West Nile virus still a risk, Manitoba entomologist warns
Read this article for free:
Already have an account? Log in here »
We need your support!
Local journalism needs your support!
As we navigate through unprecedented times, our journalists are working harder than ever to bring you the latest local updates to keep you safe and informed.
Now, more than ever, we need your support.
Starting at $4.99/month you can access your Brandon Sun online and full access to all content as it appears on our website.Subscribe Now
or call circulation directly at (204) 727-0527.
Your pledge helps to ensure we provide the news that matters most to your community!
Hey there, time traveller!
This article was published 17/08/2017 (1868 days ago), so information in it may no longer be current.
Dry weather has helped to keep nuisance mosquitoes at bay in Brandon this summer, but a Manitoba entomologist warns the risk of contracting West Nile virus remains.
“No water does equal no mosquitoes, but the concern is the mosquito that carries West Nile virus, called Culex tarsalis — that mosquito loves these kinds of conditions,” said Taz Stuart, entomologist for Poulin’s Pest Control.
Manitoba Health tracks Culex tarsalis trap counts by health region, and Prairie Mountain Health is leading the province.
The latest data, collected during the week of July 30 to Aug. 5, shows PMH had a trap count of 99 Culex tarsalis mosquitoes.
Winnipeg RHA had a count of 58 during the same time period, followed by 47 in the Interlake-Eastern region. The Southern region showed a count of 35.
Out of the Culex tarsalis mosquitoes found in the Prairie Mountain region this summer, 12 have tested positive for West Nile. The Westman communities that have seen a positive mosquito sample include Boissevain, Brandon, Dauphin, Minnedosa, Sioux Valley Dakota Nation and Virden.
In Winnipeg, 10 mosquito samples have tested positive for West Nile, five in Interlake-Eastern and just three in the Southern region.
As of Aug. 11, there have been no human cases of West Nile reported in the province.
“You still need to do personal protection measures,” Stuart said. “Don’t assume you’re not dealing with any mosquitoes. That type of mosquito is a very sneaky mosquito. It bites very, very lightly.”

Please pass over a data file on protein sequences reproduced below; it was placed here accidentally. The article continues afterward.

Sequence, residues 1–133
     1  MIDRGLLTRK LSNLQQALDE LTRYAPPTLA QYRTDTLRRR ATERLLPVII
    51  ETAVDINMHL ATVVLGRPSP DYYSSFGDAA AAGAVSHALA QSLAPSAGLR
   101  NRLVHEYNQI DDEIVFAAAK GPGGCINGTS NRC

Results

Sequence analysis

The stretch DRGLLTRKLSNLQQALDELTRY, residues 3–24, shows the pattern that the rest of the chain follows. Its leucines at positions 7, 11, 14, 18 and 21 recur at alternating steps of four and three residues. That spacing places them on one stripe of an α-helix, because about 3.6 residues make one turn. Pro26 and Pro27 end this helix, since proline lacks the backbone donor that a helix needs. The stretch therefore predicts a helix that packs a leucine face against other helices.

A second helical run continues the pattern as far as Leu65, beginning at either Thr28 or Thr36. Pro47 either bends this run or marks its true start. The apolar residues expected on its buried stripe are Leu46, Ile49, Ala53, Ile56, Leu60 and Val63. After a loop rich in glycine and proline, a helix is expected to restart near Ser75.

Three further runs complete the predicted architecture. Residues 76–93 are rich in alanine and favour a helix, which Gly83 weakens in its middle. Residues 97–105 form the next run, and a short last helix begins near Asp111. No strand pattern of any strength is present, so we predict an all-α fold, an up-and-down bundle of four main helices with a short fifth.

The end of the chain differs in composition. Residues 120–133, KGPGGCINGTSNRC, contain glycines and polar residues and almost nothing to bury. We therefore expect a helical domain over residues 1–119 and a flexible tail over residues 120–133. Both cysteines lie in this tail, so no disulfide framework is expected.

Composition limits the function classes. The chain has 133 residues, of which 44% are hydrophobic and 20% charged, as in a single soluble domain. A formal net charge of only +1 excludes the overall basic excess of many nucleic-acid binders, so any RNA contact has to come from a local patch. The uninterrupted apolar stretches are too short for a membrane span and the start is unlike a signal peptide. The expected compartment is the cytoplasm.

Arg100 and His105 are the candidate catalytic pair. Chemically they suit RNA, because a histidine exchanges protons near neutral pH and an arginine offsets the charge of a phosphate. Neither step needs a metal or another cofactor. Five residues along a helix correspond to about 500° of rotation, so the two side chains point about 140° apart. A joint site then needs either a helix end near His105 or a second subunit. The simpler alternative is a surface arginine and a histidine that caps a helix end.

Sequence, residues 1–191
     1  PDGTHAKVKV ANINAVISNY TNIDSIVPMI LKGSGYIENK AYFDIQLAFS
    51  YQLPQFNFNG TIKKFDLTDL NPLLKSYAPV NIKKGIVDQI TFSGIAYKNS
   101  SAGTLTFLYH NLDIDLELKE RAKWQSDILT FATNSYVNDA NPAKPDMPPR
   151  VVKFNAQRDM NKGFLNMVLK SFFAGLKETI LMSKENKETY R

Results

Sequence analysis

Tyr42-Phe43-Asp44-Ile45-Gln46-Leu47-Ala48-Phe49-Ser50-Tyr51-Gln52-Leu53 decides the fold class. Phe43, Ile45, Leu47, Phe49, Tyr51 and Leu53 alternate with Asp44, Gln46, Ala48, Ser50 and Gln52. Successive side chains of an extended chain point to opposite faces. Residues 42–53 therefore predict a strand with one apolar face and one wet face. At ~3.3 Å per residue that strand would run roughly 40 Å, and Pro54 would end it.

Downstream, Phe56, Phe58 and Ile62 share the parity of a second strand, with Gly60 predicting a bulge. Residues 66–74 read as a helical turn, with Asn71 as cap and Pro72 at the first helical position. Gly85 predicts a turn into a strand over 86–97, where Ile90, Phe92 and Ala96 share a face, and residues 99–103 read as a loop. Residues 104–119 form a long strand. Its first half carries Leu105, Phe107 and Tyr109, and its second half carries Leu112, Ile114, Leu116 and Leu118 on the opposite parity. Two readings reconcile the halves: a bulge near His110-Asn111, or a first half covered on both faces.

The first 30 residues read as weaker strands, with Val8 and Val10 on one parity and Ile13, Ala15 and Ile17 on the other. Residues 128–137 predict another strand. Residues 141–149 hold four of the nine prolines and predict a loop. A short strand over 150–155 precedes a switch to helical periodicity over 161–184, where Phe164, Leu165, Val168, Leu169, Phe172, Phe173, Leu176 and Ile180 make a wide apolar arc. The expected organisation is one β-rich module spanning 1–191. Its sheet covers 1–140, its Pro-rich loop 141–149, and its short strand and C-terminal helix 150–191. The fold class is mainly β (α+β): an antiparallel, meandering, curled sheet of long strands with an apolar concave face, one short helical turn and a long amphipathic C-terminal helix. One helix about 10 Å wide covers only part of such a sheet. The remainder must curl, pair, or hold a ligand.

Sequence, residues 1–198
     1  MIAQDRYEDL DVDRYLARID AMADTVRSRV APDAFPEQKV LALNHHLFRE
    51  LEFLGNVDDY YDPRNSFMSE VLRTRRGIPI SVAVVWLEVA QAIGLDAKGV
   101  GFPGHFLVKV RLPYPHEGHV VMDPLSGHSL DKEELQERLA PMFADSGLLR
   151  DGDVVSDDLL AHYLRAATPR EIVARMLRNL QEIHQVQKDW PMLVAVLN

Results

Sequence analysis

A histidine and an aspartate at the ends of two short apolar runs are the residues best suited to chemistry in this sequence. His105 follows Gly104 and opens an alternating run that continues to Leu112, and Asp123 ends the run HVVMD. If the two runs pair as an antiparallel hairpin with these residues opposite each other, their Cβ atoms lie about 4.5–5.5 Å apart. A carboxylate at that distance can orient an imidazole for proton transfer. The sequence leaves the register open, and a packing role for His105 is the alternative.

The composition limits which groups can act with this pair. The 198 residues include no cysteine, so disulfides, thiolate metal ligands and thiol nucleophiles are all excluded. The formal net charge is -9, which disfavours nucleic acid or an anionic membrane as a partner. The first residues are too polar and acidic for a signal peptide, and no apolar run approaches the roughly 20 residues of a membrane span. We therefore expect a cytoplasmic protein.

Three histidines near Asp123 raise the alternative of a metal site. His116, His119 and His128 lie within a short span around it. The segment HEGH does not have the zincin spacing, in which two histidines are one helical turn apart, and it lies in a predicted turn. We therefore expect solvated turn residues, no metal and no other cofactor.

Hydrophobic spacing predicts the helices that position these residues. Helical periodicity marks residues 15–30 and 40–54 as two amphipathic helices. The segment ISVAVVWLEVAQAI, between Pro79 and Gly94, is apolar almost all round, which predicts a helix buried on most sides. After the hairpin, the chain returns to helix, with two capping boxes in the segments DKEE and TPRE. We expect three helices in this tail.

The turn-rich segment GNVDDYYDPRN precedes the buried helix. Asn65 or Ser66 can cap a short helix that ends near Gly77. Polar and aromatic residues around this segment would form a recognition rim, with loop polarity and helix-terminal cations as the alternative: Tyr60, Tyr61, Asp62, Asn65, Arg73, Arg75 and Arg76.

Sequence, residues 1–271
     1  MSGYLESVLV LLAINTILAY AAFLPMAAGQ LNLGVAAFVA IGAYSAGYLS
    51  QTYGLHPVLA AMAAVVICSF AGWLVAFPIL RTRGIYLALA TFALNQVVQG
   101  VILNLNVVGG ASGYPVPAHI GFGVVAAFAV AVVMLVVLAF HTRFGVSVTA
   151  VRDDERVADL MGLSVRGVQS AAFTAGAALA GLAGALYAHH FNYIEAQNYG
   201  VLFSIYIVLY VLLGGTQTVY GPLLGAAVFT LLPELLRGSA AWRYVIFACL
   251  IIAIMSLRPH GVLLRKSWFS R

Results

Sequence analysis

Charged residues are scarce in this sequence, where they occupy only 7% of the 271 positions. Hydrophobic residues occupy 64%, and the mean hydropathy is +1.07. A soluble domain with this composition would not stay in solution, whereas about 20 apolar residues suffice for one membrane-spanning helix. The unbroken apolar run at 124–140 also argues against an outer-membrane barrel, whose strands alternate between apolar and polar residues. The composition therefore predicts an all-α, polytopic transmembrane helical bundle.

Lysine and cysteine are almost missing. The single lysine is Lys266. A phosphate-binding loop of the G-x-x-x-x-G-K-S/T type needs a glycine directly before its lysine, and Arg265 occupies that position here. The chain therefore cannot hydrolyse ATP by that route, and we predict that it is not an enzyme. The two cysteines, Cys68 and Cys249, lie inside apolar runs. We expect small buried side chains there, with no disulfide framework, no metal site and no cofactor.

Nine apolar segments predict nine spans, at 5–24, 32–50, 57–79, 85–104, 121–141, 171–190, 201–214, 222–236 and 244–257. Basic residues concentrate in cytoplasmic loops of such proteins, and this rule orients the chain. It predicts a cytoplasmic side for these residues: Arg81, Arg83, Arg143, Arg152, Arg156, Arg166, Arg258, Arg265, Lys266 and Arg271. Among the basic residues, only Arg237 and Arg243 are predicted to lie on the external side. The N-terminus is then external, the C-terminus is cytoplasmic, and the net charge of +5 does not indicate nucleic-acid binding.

Ways to protect yourself include applying insect repellent, wearing light-coloured/loose-fitting clothing with long sleeves and pant legs, and reduce time spent outdoors between dusk and dawn. Make sure doors and window screens fit tightly and are free of holes.
“People need to realize they can bite your ankles, your wrists and they’re active of course at dusk and dawn when everyone wants to be out on their deck having fun,” Stuart said.
West Nile can cause severe illness including encephalitis (swelling of the brain) and can sometimes result in long-term complications and death, according to Manitoba Health.
While some people show no symptoms and do not become ill, others may show mild symptoms like headaches, fever, fatigue and body aches. Severe symptoms include severe headache, high fever, mental confusion and muscle weakness.
In Brandon, nuisance mosquito trap counts have remained low for most of the season, only rising to the medium range in July.
As a result, fogging has not been necessary. This week’s average trap count was 35 mosquitoes.
The city would only fog if the numbers remain in the high category for two consecutive trap counts, or the average of any daily mosquito trap count is more than 1,000 or if any individual trap count is more than 2,000.
The city’s 2017 budget included $106,000 for mosquito control initiatives, offset by a $45,000 provincial grant, for a net total of $61,000, according to city treasurer Dean Hammond.
The majority of the budget goes to the mosquito abatement program, which aims to reduce the spread of adult mosquitoes by larviciding standing water.
The budget had earmarked $30,000 for mosquito fogging. Since this will not be used this year, Hammond said it will go into the city’s year-end surplus.
» Twitter: @jillianaustin